[Linux-cluster] Monitoring services/customize failure criteria
lmb at suse.de
Tue Sep 16 13:12:26 UTC 2008
On 2008-09-16T00:29:49, Jeff Stoner <jstoner at opsource.net> wrote:
> LSB is strictly for init scripts.
> OCF is strictly for a cluster-managed resource.
That's not quite true; OCF is a backwards-compatible extension to LSB.
ie, a script can be a fully compliant OCF _and_ LSB script at the same
time, and behave differently depending on how it is called, and share
(An LSB script basically is _identical_ to an OCF one, except that it
defaults the instance being managed.)
> They are similar but have significant differences. For example, LSB
> scripts are required to implement a 'status' action while OCF scripts
> are required to implement a 'monitor' action. This difference alone
> means, technically, you can't interchange LSB and OCF scripts unless
> they implement both (in some fashion.)
Exactly; the point is that they _can_ implement both. "monitor" really
is simply a cleaner version of "status" (because status is the only op
in the LSB list which has deviating exit codes).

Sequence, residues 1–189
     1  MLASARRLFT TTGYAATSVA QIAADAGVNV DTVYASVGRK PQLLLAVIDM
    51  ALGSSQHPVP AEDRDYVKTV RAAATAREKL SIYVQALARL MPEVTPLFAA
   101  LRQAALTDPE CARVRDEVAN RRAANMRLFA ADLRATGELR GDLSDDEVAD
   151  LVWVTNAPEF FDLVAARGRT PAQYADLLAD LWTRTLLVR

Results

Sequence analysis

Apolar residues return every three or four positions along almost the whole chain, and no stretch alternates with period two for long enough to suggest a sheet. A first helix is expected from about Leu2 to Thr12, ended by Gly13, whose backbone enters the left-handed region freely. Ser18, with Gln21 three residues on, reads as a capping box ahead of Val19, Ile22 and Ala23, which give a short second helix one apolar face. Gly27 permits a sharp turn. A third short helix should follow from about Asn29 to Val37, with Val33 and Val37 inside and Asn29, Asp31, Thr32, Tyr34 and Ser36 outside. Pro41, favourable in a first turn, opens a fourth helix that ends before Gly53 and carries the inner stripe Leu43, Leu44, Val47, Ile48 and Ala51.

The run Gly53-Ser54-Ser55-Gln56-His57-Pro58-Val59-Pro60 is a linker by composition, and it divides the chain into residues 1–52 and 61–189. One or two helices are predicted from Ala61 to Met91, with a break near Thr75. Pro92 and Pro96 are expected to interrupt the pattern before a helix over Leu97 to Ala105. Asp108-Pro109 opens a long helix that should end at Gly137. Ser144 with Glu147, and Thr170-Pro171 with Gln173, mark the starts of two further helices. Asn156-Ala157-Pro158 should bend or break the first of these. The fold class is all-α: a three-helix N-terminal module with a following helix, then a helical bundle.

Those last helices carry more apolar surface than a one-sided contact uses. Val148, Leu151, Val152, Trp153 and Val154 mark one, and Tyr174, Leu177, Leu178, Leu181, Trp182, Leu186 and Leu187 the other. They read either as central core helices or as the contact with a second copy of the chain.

(Detecting whether they are being called as LSB or as OCF is easily
possible by evaluating the environment.)
If I was to go back, I probably would not redefine "monitor". It seemed
like a good idea at the time - and it perhaps still emphasizes that we
care about correctness a bit more here.
(A _truly_ correct LSB script would be sufficient, but more often than
not, people get the LSB exit codes wrong because normal system start-up
doesn't care. That doesn't mean their scripts aren't buggy or
non-compliant, though - Debian got this wrong very often in the past.)
> I think this is the missing link in our conversation: the script
> resource type in Cluster Services is an attempt to make a LSB-compliant
> script into a OCF-compliant script.
An LSB-compliant script doesn't need a wrapper to be made OCF-compliant.
Or, well, yes, of course the calling conventions are different, but LSB
would already provide everything the cluster needs, and merely doing a
wrapper around it doesn't provide the LSB script with more features.
> So, the /usr/share/cluster/script.sh expects the script you specify to
> behave like an LSB script, not an OCF script. As such, the script
> resource type falls back to LSB conventions and uses a binary approach
> to a resource's start/stop/status actions: zero for success and
> non-zero for any failure.
I think the disconnect here is mostly a misunderstanding of the exit
codes for LSB "status"; it is not merely a 0 or !0 distinction. It also
has "3", which means "not running (unused)". A rather important
distinction from a failure.
Teamlead Kernel, SuSE Labs, Research and Development
SUSE LINUX Products GmbH, GF: Markus Rex, HRB 16746 (AG Nürnberg)
"Experience is the name everyone gives to their mistakes." -- Oscar Wilde
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